Daily Bread for 8.29.18

Good morning.

Wednesday in Whitewater will see occasional morning showers and a high of seventy-one.  Sunrise is 6:17 AM and sunset 7:33 PM, for 13h 16m 23s of daytime.  The moon is a waning gibbous with 90.9% of its visible disk illuminated.

Today is the six hundred fifty-fourth day.Days since Trump’s election, with 11.9.16 as the first day.

Whitewater’s Joint Review Board meets today at 4 PM.

On this day in 2005, Hurricane Katrina makes its second landfall:

Hurricane Katrina was an extremely destructive and deadly Category 5 hurricane that struck the Gulf Coast of the United States in August 2005, causing catastrophic damage from central Florida to eastern Texas. Subsequent flooding, caused largely as a result of fatal engineering flaws in the flood protection system[3] around the city of New Orleans, precipitated most of the loss of lives. The storm was the third major hurricane of the record-breaking 2005 Atlantic hurricane season, as well as the third most intense tropical cyclone on record to make landfall in the United States, behind only the 1935 Labor Day hurricane and Hurricane Camille in 1969.


Overall, at least 1,245 people died in the hurricane and subsequent floods, making it the deadliest United States hurricane since the 1928 Okeechobee hurricane. Severe property damage occurred in numerous coastal areas, such as Mississippi beachfront towns where boats and casino barges rammed buildings, pushing cars and houses inland; water reached 6–12 miles (10–19 km) from the beach. Total property damage was estimated at $125 billion (2005 USD),[2][1] roughly four times the damage wrought by Hurricane Andrew in 1992,[6] tying Katrina with Hurricane Harvey of 2017 as the costliest Atlantic tropical cyclone on record.[7]

Recommended for reading in full — 

Molly Beck reports Wisconsin corrections officials don’t have current info for nearly 3,000 sex offenders:

MADISON – State corrections officials don’t have current information for nearly 3,000 people convicted of sexual crimes, a new state analysis shows.

Of the more than 25,000 offenders on the state’s Sex Offender Registry, 2,735 are considered noncompliant as of Aug. 20 — which could mean the offender has reported a false address to the Department of Corrections or they haven’t updated their place of employment with the state, among other violations.

Among the offenders who are noncompliant, 308 have absconded — or are refusing to keep in touch with DOC agents, according to a recent Legislative Fiscal Bureau analysis.


DOC spokesman Tristan Cook said the number of sex offenders who have intentionally stopped communicating with agents is in the hundreds, not thousands.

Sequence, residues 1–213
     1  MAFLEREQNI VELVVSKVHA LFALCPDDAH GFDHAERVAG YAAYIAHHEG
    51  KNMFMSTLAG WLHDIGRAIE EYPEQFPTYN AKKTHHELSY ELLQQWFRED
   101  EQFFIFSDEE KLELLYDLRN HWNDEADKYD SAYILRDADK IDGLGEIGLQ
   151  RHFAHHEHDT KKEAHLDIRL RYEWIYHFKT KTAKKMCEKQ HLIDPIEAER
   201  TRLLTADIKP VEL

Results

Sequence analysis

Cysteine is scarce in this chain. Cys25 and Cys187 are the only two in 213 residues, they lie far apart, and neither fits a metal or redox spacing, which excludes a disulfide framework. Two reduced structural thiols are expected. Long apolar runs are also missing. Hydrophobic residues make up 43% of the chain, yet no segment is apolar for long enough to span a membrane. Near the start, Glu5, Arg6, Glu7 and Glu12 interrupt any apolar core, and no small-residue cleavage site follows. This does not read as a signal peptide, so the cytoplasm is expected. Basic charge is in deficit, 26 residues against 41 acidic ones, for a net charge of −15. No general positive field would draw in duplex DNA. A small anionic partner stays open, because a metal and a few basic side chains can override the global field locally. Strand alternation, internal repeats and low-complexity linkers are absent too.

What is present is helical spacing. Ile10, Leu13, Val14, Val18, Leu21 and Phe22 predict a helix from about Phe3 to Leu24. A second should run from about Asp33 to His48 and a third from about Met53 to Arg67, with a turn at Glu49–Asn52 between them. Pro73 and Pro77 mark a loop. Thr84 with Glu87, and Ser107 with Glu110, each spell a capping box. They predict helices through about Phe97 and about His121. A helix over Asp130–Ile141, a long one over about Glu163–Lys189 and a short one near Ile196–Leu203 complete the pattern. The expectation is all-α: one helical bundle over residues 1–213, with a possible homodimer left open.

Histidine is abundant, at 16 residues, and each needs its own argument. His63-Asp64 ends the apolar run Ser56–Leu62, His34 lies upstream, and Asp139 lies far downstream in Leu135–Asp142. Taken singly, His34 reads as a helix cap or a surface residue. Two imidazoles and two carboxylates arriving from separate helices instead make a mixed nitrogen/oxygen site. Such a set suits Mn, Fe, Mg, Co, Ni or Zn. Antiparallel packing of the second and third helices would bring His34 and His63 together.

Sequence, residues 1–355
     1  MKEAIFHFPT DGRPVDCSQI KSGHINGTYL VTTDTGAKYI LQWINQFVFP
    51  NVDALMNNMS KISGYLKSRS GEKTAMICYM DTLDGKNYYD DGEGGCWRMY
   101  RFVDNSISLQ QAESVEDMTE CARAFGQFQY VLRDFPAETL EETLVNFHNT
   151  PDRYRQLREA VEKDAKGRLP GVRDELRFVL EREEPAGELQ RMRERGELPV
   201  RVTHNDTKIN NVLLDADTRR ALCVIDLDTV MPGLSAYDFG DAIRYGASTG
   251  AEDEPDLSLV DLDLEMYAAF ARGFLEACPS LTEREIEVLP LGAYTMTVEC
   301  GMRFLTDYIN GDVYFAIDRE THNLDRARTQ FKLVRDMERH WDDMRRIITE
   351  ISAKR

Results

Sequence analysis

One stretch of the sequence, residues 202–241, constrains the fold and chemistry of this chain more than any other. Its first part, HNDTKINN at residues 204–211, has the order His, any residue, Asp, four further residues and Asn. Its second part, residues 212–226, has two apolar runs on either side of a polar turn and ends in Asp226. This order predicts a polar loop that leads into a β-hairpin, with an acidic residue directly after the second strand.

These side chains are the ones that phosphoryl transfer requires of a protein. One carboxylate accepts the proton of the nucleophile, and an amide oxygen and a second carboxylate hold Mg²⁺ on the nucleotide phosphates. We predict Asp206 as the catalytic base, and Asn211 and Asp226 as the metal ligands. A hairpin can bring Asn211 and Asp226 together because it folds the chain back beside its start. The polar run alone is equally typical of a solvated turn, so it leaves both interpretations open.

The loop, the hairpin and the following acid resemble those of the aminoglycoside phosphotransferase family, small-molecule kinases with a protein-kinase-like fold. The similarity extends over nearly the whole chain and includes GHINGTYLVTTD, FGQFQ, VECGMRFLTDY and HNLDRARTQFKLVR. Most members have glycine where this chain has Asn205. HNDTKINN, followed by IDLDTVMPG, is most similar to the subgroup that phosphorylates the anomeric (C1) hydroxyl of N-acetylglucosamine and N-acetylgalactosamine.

(Honest to goodness, the supposed defense from Walker’s Department of Corrections is that the number sex offenders who have intentionally stopped communicating is in the hundreds? That’s not a defense, it’s an admission.)

Mary Spicuzza and Patrick Marley report Scott Walker declares Zoo Interchange is done, even as years of work remain:

Walker on Monday celebrated the completion of the core of the Zoo Interchange, even though work on the interchange’s north leg is behind schedule. The overall construction project has for years tormented Milwaukee-area commuters.

“The Zoo Interchange Core is completed on time and on budget,” the GOP governor said in a statement.


In 2011, Walker promised to complete the entire Zoo Interchange project by 2019. He’s meeting that deadline for the core of the project, but not its north leg.

RELATED: No gridlock relief: Wisconsin DOT makes — then abandons — plans to ease Zoo Interchange traffic.

That work now isn’t expected to be done until 2023 at a cost of $232.6 million — 16 percent more than last year’s estimate of $202.6 million, according to the Daily Reporter.

That work will get done by 2023 only if the governor and Legislature approve the funding in next year’s state budget. Walker hasn’t decided yet whether to make enough money available to meet that already-delayed deadline, according to this office.

Katelyn Ferral reports Wisconsin DOT report shows total transportation funding has fallen under Scott Walker:

The Wisconsin Department of Transportation reports that total funding across all state transportation programs has fallen since Gov. Scott Walker took office in 2011, despite statements Walker has made insisting he has made historic investments.

According to a DOT report on 2018-2019 budget trends released last week, spending has fallen across every road program, including major highway development, local road aid and assistance and southeast Wisconsin freeways, which saw the most dramatic decline.

From fiscal year 2011-2012, funding for major highway development decreased by 31.2 percent, highway improvement funding fell by 23.8 percent and local road funding fell 13.4 percent in constant 2017 dollars. Funding for southeast freeways dropped by 51.1 percent.

Debt service on transportation borrowing has increased 66.9 percent since fiscal year 20121-12, according to the report.

 CBS reports on an even worse hurricane than Katrina:

See also Hurricane Maria caused an estimated 2,975 deaths in Puerto Rico, new study finds.

A fireball streaking through Midwest sky was visible from 8 states:

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